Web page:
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Almost Famous
TIM LAYDEN
April 30, 2007
Todd Pletcher is the nation's hottest trainer, but full recognition won't come until one of his horses wins the Kentucky Derby. He plans to send five into the starting gate on May 5
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April 30, 2007

Almost Famous

Todd Pletcher is the nation's hottest trainer, but full recognition won't come until one of his horses wins the Kentucky Derby. He plans to send five into the starting gate on May 5

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After buying Scat Daddy as a yearling for $250,000, Scatuorchio gave Pletcher and his father each a one-quarter ownership of the colt. In September father and son sold their shares to Tabor for an undisclosed amount that Todd calls "a financial home run, a chance to get security for my family." Most practical of all, Pletcher dropped appeals in December and accepted a 45-day suspension for a 2004 incident in which one of his horses was found to have minute--but illegal--amounts of an anesthetic in his system. Pletcher's lawyers are still litigating a civil suit that might bring vindication against charges that Pletcher calls "outrageous and unjust." (He suspects the anesthetic came from a veterinarian's contaminated syringe.) But to continue appealing and risk a spring suspension? "That would have been unfair to [our] owners," he says. It would have been bad for business.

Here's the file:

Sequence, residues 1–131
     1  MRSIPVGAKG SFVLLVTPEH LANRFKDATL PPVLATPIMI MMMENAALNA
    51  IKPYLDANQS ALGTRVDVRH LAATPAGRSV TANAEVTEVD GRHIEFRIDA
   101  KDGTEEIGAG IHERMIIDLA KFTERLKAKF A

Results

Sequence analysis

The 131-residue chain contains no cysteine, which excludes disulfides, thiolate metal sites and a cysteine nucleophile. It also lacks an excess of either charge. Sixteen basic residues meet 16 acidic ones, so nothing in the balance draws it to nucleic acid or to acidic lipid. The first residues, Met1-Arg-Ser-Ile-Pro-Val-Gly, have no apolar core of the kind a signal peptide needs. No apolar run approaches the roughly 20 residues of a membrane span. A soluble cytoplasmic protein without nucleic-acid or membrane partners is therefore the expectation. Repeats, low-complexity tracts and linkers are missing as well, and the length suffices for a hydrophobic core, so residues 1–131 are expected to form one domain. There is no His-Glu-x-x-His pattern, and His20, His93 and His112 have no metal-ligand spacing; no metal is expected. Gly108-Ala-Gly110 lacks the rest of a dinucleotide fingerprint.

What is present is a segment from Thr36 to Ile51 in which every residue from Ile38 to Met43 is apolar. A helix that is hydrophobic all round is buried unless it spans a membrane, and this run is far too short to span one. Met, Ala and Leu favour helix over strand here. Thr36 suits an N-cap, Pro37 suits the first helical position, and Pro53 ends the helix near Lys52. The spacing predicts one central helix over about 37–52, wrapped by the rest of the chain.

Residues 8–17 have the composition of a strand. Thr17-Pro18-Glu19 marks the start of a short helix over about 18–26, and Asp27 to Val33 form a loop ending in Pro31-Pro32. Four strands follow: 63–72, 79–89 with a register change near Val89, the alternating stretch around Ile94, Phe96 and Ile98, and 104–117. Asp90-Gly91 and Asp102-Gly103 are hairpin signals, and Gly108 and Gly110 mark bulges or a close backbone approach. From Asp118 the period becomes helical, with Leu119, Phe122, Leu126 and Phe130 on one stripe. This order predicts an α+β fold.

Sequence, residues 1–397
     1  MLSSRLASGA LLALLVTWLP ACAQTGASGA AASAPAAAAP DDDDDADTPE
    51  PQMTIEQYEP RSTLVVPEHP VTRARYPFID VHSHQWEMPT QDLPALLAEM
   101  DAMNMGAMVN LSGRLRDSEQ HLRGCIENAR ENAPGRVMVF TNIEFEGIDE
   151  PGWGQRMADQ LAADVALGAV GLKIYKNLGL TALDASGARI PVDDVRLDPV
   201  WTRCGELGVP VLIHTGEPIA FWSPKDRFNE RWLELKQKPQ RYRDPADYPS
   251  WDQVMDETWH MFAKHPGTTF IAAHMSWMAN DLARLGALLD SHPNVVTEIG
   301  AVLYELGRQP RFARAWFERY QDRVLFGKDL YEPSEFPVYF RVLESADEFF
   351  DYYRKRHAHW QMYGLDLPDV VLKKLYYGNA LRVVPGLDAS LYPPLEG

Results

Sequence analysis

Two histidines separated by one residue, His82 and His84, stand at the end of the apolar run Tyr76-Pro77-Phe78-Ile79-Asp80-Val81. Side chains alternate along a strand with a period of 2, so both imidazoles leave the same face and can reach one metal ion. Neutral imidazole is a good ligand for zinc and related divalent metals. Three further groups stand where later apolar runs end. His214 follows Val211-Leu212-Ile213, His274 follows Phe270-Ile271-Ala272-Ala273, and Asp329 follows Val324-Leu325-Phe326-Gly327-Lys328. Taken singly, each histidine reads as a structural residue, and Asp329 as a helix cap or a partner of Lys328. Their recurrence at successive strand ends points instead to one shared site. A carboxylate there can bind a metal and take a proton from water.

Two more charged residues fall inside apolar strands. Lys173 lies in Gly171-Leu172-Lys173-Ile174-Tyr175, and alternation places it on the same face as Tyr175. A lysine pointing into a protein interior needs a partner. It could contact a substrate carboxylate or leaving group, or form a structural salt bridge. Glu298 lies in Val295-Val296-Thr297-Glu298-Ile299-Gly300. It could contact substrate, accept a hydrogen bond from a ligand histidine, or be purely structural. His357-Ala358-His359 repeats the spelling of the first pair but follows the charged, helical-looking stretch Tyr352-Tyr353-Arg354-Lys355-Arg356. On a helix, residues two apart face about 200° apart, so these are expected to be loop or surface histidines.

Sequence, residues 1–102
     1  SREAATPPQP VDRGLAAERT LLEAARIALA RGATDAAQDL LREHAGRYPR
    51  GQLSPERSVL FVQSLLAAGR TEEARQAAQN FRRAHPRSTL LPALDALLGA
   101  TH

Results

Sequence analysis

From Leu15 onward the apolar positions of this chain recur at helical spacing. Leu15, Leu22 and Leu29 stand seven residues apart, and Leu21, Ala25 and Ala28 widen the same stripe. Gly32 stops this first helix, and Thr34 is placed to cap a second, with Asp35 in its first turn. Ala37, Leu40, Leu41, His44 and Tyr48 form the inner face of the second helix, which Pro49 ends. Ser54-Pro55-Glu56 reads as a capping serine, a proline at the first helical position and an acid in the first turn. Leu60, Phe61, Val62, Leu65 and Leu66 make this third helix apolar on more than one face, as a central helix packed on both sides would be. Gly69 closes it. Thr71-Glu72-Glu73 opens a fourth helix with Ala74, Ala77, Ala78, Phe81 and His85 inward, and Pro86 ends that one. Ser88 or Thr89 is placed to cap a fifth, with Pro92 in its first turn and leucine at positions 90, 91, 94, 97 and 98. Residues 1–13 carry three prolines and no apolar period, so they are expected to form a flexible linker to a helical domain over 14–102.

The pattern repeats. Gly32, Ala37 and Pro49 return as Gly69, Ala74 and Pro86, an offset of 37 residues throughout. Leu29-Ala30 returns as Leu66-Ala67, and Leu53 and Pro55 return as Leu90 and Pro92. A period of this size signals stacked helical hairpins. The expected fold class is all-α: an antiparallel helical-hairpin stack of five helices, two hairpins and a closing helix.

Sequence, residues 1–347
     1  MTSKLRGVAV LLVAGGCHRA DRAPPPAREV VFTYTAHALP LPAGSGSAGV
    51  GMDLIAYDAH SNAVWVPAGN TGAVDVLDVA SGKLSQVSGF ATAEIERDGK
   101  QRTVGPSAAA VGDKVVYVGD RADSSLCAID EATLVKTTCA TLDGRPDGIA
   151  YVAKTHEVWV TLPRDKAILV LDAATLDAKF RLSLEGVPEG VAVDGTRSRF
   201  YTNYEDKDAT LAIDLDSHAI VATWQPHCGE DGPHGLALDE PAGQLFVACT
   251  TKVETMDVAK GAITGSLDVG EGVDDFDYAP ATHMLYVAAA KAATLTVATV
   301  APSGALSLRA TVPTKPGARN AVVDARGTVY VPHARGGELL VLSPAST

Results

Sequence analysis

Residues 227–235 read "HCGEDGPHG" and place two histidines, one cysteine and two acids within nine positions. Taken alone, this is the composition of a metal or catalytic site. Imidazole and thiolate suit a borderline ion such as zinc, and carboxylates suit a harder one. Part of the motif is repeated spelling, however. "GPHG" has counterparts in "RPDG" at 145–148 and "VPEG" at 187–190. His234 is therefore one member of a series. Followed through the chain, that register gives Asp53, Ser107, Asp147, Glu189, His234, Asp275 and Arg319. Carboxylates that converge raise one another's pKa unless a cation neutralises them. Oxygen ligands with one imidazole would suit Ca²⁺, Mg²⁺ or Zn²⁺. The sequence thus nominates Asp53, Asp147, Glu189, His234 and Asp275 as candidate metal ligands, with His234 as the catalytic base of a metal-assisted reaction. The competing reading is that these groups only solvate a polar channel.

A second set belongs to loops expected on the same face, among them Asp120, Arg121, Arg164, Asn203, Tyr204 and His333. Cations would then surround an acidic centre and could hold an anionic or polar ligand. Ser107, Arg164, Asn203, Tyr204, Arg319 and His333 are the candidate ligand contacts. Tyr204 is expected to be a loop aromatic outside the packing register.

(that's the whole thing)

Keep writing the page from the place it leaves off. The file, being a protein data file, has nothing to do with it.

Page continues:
Friends see a much looser side of the trainer. When a group that included Pletcher, Halligan and Scatuorchio took a trip to Atlantic City in December, they drank martinis and shot craps, Scatuorchio holding the dice and Pletcher leaning over the table, narrating every throw with his signature line: "That's what the people came to see!"

Several weeks later Cagnina invited Pletcher to join him at the Super Bowl in Miami. Pletcher, who relocates his family from Garden City, N.Y., to Boynton Beach, Fla., from late December through March, accepted, but he told Cagnina to hold off on buying tickets. "I was with another friend, and we met at Todd's house before the game," says Cagnina. "We had a few beers. Then we go to the game, and Todd has gotten us these unbelievable seats, 50-yard line, halfway up."

They watched the game together, and afterward they took their party deep into the night at a South Florida bar. Cagnina dropped Pletcher off at his home, and when he awakened the next morning, he found a voice-mail message that Pletcher had left him while driving to work at 4 a.m. Horses do not take days off, and Derby dreams, however elusive, will not be put on hold.

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